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Management Of Innovation Titan Edge History Essay

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Published: Mon, 5 Dec 2016

Innovation is defined as the process by which new products, services, materials and processes are developed and introduced into the market for commercialization. Thus, Innovation is the successful exploitation of new ideas.

There are 4P’s of Innovation which are as follows:

Product Innovation- Changes in the products/services offered by the company

Process Innovation- Changes the way in which the products are created & delivered to the customers

Position Innovation- Changes the manner in which the product is introduced in the market

Paradigm Innovation- Changes the underlying model which changes the way in which the company functions

Innovation is very critical for all the businesses in order to grow and survive the fierce competition in the marketplace. Thus companies continuously bring about innovation and introduce a lot of new products and services to gain a competitive advantage over their competitors. The companies do this by investing a lot of money in their R&D department.

There are companies which have the greatest ideas in the world but that do not make them innovative. A starting point of a breakthrough innovation is not an idea but it is an orbit-shifting challenge. Ideas are certainly important as far as innovation is considered but it is not the starting point of the innovation process.

To bring about a breakthrough innovation the most important thing for a company is to get a team in place, enroll team members, create strategies, convince stake holders to invest money and finally to create route in order to reach the destination which did not exist before.

Problem Statement:

The objective of Titan Watch Industries was to design and make the slimmest water-resistant watch in the world. This was the orbit shifting challenge which Mr. Xerxes Desai, the managing director at that time had put forward to his team in the year 1994.

To create the slimmest watch in the world it needed to be just 3.5mm thick which is as thick as the edge of the floppy disc. In order to achieve this objective the Titan team went to the Swiss who are known as the master of watch making in order to get a deep insight and get help in developing the watch. But to their dismay, the Swiss said that it is impossible. The major reason behind this was that a watch could either be ultra-slim or either it could be water-resistant. The Swiss themselves had made an effort in the year 1982 but they had failed to make the world’s slimmest water-resistant watch.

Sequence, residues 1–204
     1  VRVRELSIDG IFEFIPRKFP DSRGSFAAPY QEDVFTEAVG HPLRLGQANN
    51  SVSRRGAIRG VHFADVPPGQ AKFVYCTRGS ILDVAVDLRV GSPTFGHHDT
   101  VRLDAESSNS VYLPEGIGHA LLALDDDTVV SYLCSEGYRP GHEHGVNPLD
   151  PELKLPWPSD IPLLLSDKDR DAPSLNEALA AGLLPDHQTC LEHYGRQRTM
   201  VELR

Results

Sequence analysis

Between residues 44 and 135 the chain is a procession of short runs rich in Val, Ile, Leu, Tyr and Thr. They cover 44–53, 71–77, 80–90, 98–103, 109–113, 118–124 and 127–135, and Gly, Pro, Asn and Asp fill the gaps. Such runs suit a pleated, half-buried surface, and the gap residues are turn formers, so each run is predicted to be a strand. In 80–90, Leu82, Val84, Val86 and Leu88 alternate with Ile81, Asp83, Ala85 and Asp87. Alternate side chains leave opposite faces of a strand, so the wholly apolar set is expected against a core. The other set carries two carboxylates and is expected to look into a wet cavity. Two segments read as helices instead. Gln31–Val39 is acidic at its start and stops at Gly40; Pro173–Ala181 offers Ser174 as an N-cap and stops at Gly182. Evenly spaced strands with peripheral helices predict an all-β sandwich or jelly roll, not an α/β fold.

Although they were disappointed but the Titan team took on the challenge and said that if the Swiss could not do it than they would do it. It took them four long years to make a breakthrough innovation and do the impossible by challenging almost all the parameters of watch making.

Thus, the slimmest water-resistant in the world wad conceptualized, designed and manufactured not in Switzerland or Japan but was done right here in India.

Objectives of the study:

The main objective of this study was to understand that how the innovation process was carried out and managed by Titan Watch Industries in order to make the slimmest water-resistant watch in world- Titan Edge.

The Titan story is a classic example of an Indian company achieving an amazing feat by making a truly global innovative product successfully. Hence, studying its success story becomes all the more important.

Thus, I selected the Titan Edge case study as the topic of my seminar paper wherein I could learn the way the innovation process was managed effectively by Titan and which made it a global player in the field of watch making.

The Beginning:

It all started way back in 1985 when Titan Watch Industries was set up as a joint venture between the Tata Group and Tamil Nadu Industries Development Corporation. It began with French collaboration from where they got the watch movements and the technology used to develop them. The production of watches began in the year 1987. By the year 1992, Titan started to surpass their French collaborators and started to improve their own creations. At this time Xeres Desai gave a call to develop the slimmest water-resistant watch in order to become a global player by proposing an orbit-shifting challenge to his team. Titan felt the need to make this innovation because they realized that just being the marketing leaders won’t help but to earn the respect as the best in the world it was necessary to become the technology leader.